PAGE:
Jammu and Kashmir Chief Minister Omar Abdullah, who completed his first year in office on Tuesday, wants to discuss all solutions for the resolution of the Kashmir issue — from the BJP’s call for revocation of Article 370 to the PDP’s demand for self-rule — though as leader of the National Conference, he is all for greater autonomy for the state. Excerpts from an interview:
The Prime Minister’s working group has favoured autonomy for J&K. How do you see this?
I want all solutions to be discussed, from one extreme to the other. There is a multiplicity of solutions and it’s not for me to say one is better than the other. If I do so that would amount to misuse of my position. The solution can be worked out by a maximum amount of consensus.
Separatists want Pakistan included in the dialogue. What’s your take on it?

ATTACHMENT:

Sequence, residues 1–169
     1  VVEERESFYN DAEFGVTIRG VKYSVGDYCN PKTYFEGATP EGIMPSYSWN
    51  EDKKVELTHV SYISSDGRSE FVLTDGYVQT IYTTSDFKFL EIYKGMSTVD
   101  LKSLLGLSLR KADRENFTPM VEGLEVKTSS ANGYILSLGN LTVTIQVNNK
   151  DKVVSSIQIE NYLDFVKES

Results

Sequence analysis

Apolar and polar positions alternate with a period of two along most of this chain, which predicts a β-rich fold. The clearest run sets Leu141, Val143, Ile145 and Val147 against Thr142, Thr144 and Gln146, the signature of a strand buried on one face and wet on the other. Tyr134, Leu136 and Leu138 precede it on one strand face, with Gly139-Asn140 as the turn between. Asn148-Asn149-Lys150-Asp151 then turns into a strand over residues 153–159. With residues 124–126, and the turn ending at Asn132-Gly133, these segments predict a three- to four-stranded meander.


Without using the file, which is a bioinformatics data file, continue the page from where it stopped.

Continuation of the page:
Pakistan cannot be at the same table of dialogue. All the separatist leaders, including Syed Ali Shah Geelani... are free to visit Pakistan. They have been visiting the Pakistani High Commission and interacting with the Pakistani establishment, willy-nilly they have included Pakistan in the dialogue.
What changes do you find now since you took over last year?
Then, I was an untested commodity. Today, the people have something to analyse. I’m not enthused by praise; nor am I depressed by criticism, because I am looking at a six-year time frame, not a year-to-year (progress).
The CBI has come out with its findings in the Shopian case but some are not convinced.
Those calling into question the credibility of the CBI and charging the Centre with dictating the findings, should recall that in the case of Pathribal (where five villagers, dubbed as terrorists and perpetrators of the massacre of 36 Sikhs in Anantnag in 2000, were killed) the army was indicted. And those charging me with manipulating the findings should know that it doesn’t suit me politically.